Public school districts’ budgets in California are too lean to finance the inevitable demand for new facilities and major repairs to aging buildings. That’s why the state periodically asks the voters to approve bond measures to raise the large additional sums needed to fund that work, to be repaid with income tax revenue over time.
But not all state school-bond measures are good ones. Ideally, these initiatives, which provide matching funds to school districts to build or upgrade school buildings, would prioritize projects according to their importance instead of handing out money to whoever got their applications in first. Low-income schools and those in small school districts should have a good chance of sharing in the largesse.
The last major school bond measure – 2016’s Proposition 51 – did not meet that standard. It made the application process a kind of race that favored wealthier and larger school districts, which had the resources to pull applications together quickly and were more likely to be able to pass local bond measures to raise the required matching funds. This page opposed the initiative, but it was approved that November.
Much of Proposition 51’s funding has since been claimed, and all of it will be spoken for once the latest applications are approved. But there’s still a need among the state’s older schools for some basic safety upgrades, such as protection from earthquakes, wildfire and lead-contaminated water supplies. Low-income schools are generally most in need of work.
Proposition 13 on the March ballot – ignore the iconic number, it’s just a coincidence – was written to avoid the problems of previous bonds, and it deserves passage.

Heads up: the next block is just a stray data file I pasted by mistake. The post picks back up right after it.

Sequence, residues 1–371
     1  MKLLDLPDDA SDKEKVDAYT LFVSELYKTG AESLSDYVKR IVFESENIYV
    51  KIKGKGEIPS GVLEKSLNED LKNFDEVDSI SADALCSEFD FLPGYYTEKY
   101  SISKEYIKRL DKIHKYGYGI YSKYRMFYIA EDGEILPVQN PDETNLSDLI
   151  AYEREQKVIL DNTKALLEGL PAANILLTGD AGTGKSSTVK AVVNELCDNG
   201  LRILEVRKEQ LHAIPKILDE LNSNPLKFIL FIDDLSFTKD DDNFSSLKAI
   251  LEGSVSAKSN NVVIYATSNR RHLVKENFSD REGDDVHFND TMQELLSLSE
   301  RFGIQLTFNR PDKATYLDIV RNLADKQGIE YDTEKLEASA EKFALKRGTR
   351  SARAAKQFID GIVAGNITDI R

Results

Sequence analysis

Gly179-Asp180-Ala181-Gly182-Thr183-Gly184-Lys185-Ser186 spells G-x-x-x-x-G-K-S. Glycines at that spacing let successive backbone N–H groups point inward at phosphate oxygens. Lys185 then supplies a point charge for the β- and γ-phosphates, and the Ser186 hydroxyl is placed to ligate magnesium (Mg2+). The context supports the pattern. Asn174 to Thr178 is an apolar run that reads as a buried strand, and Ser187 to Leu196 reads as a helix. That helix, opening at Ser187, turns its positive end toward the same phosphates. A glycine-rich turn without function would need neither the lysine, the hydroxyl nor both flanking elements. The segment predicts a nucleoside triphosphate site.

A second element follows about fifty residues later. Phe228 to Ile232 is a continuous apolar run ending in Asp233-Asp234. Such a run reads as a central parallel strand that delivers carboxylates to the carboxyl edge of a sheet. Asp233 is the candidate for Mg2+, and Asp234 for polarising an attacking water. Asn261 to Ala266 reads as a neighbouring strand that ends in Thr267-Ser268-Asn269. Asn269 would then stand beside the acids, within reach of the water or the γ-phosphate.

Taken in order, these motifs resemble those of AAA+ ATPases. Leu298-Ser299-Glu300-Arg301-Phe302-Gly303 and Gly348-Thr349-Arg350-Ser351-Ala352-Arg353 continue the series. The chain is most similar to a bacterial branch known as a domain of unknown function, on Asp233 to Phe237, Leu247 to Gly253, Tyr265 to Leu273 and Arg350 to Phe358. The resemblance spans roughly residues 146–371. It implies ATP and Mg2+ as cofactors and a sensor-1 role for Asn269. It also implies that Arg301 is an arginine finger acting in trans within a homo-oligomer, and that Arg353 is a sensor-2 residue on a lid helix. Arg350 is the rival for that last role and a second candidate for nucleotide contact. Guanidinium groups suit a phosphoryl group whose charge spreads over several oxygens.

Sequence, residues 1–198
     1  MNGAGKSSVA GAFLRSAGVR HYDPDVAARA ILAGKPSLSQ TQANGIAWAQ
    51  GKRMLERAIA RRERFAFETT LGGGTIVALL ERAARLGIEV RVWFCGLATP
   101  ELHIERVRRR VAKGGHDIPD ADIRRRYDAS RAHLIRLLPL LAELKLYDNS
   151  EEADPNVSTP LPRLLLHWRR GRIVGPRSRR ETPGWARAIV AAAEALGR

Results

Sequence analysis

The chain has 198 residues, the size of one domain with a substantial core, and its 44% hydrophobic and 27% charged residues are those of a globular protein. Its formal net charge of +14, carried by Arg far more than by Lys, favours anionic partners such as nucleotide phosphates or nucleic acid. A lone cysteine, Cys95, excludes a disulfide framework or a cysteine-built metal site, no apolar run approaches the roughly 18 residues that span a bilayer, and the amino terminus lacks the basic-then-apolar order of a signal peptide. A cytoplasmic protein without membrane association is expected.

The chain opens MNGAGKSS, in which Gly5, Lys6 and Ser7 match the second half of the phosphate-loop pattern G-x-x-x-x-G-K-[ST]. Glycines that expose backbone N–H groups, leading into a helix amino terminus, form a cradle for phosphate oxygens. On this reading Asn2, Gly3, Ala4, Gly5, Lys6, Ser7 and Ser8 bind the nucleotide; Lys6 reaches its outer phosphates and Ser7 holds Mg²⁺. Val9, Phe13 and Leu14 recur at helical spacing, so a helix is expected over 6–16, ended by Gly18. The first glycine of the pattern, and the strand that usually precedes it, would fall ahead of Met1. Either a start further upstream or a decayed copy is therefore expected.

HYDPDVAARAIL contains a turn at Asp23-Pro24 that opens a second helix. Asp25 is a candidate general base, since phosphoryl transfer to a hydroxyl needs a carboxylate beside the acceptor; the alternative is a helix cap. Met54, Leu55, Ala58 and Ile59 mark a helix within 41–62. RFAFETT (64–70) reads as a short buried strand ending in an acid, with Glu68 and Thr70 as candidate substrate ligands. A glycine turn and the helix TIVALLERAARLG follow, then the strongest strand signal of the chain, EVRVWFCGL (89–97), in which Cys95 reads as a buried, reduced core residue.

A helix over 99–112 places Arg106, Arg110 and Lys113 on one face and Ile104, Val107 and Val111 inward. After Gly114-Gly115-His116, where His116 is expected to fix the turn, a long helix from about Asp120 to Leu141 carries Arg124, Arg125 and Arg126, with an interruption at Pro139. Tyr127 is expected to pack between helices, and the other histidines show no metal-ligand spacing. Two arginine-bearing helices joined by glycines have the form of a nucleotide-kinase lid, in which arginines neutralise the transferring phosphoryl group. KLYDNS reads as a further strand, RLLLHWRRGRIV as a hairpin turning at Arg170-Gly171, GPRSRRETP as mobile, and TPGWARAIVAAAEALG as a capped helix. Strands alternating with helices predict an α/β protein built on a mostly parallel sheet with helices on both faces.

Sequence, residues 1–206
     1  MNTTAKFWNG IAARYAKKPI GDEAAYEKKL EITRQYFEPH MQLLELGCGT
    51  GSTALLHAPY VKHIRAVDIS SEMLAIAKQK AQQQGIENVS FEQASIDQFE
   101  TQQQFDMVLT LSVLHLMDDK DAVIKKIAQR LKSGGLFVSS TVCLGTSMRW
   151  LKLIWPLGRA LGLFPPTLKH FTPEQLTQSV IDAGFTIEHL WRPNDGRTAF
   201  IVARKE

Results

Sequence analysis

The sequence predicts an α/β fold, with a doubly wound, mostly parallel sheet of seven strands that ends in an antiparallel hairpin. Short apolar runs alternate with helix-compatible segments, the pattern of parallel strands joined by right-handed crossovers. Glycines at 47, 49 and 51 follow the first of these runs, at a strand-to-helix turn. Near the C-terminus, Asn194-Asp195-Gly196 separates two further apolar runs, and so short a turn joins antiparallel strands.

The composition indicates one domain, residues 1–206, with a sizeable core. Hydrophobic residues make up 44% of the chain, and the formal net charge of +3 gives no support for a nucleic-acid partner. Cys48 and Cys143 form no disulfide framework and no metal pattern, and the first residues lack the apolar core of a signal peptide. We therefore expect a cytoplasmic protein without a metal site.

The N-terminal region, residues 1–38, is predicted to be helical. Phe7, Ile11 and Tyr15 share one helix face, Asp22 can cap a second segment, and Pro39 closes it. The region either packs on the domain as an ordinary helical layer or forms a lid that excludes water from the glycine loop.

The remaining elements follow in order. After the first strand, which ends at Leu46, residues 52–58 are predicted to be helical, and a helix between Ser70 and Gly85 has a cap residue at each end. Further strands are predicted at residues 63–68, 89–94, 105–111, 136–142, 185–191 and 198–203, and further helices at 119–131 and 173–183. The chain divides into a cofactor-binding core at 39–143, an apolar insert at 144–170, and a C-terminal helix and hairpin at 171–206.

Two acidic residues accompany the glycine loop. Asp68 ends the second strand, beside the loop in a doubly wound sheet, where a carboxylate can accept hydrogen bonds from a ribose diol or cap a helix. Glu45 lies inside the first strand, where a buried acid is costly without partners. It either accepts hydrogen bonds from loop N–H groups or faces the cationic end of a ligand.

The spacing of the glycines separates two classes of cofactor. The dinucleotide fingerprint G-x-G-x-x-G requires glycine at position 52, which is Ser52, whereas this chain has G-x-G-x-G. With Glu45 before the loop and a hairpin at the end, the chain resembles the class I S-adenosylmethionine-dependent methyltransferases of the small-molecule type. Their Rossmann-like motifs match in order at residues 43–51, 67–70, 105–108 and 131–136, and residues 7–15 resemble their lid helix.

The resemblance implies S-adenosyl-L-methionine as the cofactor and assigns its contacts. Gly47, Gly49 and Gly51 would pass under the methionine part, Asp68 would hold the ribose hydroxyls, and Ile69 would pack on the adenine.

The measure would authorize the issuance of up to $15 billion in bonds, with $9 billion allocated to K-12 schools and $2 billion each to community colleges, California State University and the University of California.
It’s noteworthy that most of the $9 billion would go toward repairing and renovating schools rather than building new ones. That’s the biggest need in the state, especially at a time of declining enrollment. Yes, some communities are expanding and need new schools, but the measure wouldn’t create an incentive, as previous measures did, to add to sprawl.
Proposition 13 would make it a priority for low-income school districts to get a share of the money. And it creates a sliding scale for fund-matching, so that disadvantaged schools would receive a higher percentage of state money. It also sets aside some money for small school districts so they wouldn’t get shut out by larger districts that get their applications in earlier.
The state’s colleges and universities, meanwhile, are bulging with students. They’re sorely in need of new and updated facilities, including housing.
Opponents, mainly the Howard Jarvis Taxpayer Assn., argue against the bond in part because it would let local school districts propose larger bond measures of their own than the law currently permits. But passage of those measures is completely in the hands of local voters. If they don’t like the amount, they can reject any proposed bond.
California schools already are underfunded compared with other states. The minimum that voters can do is ensure that students attend schools that are safe and modern, reflecting California’s commitment to education, perhaps the state’s most important investment.